We know the GTS / General Convention model doesn’t work, and we have the data to prove it. Let’s not apply that model elsewhere. Meanwhile, let’s watch for innovative work as it bubbles up from the grass roots. At some point, I hope we might find funding for block grants to encourage innovation, but I hope we will not imagine that committees, staff positions, and regular Council reports are the way forward.

As I said, the committee “makes recommendations” in their report, but the one resolution they’ve submitted only proposes a study committee. So I’m not sure what we readers are supposed to do with recommendations. If we need to take action to sever ties with GTS, I hope someone will craft that resolution now, so that we can free GTS immediately.

On to the resolution.

A007: Proposing the Establishment of a Committee to Study the Relationship of Episcopal Seminaries with the General Convention, One Another and the Wider Church. Full text. Likely vote: NO.

This resolution creates a committee to do just what its title says. The legislative committee to which this is assigned is going to have a LOT of work to do. The resolution fails to follow the helpful guidelines for how to write resolutions. Aside from the Whereas clause problem (which I actually thought were forbidden, but which are apparently merely discouraged), the resolution does not specify the make-up of the committee, though they mention some of this in notes after the resolution. The committee is also meant to finish in 2024 with a report to the 80th General Convention in 2021. Again, I don’t think a task-focused committee can be created to span triennia, but I may well be wrong. Six years is a long time, by the way.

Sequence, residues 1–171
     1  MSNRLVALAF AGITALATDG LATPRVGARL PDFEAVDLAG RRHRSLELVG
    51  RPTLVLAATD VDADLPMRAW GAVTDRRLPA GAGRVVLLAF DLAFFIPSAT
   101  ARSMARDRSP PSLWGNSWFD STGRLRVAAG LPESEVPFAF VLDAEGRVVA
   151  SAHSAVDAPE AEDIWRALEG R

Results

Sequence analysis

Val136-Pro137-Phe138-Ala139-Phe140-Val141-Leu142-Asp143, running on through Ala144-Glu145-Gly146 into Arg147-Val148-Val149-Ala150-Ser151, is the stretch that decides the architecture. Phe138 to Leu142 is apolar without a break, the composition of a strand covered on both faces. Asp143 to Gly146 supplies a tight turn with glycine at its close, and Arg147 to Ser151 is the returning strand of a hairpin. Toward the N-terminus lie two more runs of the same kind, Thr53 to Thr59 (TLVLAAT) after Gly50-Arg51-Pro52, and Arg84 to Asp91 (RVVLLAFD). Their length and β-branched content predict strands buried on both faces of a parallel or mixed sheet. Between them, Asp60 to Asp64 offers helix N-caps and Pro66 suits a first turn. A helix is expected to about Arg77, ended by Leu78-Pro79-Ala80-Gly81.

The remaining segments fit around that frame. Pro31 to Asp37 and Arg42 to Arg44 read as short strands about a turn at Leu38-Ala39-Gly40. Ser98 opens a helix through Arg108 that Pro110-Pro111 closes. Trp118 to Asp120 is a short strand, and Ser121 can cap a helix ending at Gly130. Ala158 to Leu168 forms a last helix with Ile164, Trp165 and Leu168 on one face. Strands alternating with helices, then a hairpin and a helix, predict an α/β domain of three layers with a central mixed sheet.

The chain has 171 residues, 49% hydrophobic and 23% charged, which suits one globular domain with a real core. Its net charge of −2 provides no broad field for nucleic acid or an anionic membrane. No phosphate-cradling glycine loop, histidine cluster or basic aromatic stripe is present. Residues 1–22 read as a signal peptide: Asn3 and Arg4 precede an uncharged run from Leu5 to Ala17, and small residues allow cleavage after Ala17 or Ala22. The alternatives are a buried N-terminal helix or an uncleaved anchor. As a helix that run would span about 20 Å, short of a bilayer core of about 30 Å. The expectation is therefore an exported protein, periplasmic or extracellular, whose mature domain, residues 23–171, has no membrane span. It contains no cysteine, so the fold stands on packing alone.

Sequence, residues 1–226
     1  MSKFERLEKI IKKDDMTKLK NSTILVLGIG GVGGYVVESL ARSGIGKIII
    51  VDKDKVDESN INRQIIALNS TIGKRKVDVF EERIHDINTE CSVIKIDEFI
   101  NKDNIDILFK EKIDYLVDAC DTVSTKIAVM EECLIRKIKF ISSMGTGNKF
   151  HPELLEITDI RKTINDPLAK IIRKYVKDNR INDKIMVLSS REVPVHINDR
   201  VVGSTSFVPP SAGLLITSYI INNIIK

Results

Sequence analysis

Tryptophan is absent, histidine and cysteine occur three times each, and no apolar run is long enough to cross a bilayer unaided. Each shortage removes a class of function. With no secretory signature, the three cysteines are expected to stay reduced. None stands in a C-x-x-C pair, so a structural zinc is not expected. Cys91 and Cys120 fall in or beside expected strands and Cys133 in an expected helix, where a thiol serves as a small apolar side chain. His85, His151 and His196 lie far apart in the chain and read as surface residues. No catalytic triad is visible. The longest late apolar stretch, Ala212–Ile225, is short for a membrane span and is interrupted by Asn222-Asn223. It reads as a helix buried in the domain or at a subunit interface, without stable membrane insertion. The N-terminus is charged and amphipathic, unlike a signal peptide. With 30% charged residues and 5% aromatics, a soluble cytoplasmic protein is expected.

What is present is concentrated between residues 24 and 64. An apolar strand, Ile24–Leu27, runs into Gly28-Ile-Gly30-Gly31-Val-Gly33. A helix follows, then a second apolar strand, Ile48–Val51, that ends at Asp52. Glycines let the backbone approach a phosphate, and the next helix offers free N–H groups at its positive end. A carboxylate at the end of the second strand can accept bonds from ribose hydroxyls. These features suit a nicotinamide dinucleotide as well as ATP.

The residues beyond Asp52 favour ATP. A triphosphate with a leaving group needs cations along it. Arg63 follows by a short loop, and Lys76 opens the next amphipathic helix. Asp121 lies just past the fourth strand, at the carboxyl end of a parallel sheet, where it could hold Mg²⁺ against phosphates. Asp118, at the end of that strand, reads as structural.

In any case, the scope of the committee’s work is wide. It goes from “Reviewing seminary budgets and curriculum” to “Surveying the student bodies to determine size and diversity.” In fairness to my criticism above, the committee does request that the committee consider, “Providing funding from the General Convention budget to be allocated for the work of seminaries.” But I literally cannot comprehend how that would happen. And I mean literally, literally.

There are other mandates. Nothing is objectionable here. The committee has articulated important things that demand our attention. But I guarantee you, every seminary and every alternative theological educational institution is already working on this. I cannot see the value in a committee here, other than to create a committee. And long-term readers of 7WD will know, I am skeptical of new churchwide committees.

The funding request is for $33,000 per year. Over the proposed six years, that’s $198,000. There are many things I’d rather see us spend $200k on than this. It’s not that I think the topic isn’t important. It is! It’s that I don’t think a committee is going to tell us things that others aren’t already telling us.

If I’ve completely missed things, do let me know.

And I suppose I’ve ruined any chance of Blue the dog from getting an honorary doctorate, or maybe that would have been a dogtorate.